A highlight of a recent weekend in Paris was the Tintin/Hergé exhibition at the Pompidou. [Ends tomorrow! 19 Feb 2007]. (Far more engaging than the Yves Klein exhibition on the top floor. Several of the greatest exhibitions I've ever been to have been at the Pompidou - such as 2001's supreme 'Hitchcock and Art' - but Klein wasn't even close. Good to see Shigeru Ban's cardboard studio whilst up there, though.)
Hergé is a smallish exhibition, on the lower ground floor, but thoroughly enjoyable. A huge set of sketches by the great artist, exploring everything from early renderings of the characters, to the entire production process - from furious sketching to beautifully precise outlining to gorgeous colouring. Such confident, bold line drawing is wonderful to see, as the original ink on paper. Vector precise. Careering down one wall, all the covers of the weekly magazine, with the beautiful typography of the time, evolving throughout the '30s. Other related work and artefacts by Hergé - including the most wonderful notifications of change of address I've ever seen! - are pinned around a central chamber, in which the entirety of a favourite of mine, 'The Blue Lotus', is posted up, page by page.
Photos were forbidden, so only managed a few:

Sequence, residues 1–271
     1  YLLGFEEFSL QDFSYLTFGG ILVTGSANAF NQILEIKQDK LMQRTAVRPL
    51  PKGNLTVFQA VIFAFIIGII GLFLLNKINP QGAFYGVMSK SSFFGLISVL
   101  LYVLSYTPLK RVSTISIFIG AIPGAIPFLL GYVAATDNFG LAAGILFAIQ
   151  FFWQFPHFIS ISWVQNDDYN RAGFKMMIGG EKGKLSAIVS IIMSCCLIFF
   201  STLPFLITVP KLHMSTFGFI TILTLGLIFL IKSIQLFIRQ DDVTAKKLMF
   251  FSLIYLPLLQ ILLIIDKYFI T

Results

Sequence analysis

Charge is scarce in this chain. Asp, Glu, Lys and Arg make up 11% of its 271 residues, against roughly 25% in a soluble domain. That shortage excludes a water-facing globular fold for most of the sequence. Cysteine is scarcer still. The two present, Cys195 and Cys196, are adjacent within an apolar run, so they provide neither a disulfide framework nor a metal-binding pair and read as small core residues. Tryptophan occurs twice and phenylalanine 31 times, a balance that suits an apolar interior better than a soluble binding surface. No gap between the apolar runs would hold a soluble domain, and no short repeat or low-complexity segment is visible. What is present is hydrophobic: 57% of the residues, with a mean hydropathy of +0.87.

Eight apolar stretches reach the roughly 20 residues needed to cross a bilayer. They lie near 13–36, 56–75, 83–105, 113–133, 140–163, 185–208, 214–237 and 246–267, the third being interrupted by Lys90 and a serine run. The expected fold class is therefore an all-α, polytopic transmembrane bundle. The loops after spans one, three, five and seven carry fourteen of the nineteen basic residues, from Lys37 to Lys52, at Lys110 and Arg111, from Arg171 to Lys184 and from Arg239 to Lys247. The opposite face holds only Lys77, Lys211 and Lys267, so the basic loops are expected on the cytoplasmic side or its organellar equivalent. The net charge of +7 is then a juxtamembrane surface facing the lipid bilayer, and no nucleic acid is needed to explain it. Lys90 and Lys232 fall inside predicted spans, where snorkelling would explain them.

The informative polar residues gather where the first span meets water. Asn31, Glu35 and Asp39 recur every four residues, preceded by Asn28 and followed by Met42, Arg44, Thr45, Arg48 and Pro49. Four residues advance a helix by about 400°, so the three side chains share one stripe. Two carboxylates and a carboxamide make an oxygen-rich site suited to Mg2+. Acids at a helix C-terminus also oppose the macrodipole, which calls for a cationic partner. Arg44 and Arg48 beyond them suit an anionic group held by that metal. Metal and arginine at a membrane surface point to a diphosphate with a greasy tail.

See also this fantastic information graphic of which characters appear in which books, plotted over time. Beautifully done. [Cllck for larger version]
A particularly lovely aspect of Hergé's work is the care and attention with which he drew objects, such as architecture, cars, furniture. Barista recently pointed us at this detailed collection of cars from Tintin books. And whilst in Paris, I chanced across another great reference, as if two events, two spaces in the city, had been suddenly linked via the keyword 'Hergé'. At the humbling and startling collection of Jean Prouvé, Perriand, Jeanneret furniture at Gallerie Patrick Seguin in Bastille, a small reproduction from a Tintin book on the wall reveals Prof. Calculus and Tintin amidst a commotion in a crowded drawing room, falling off lovingly reproduced Prouvé chairs, actual examples of which stood in front of me. Le visiteur, I think: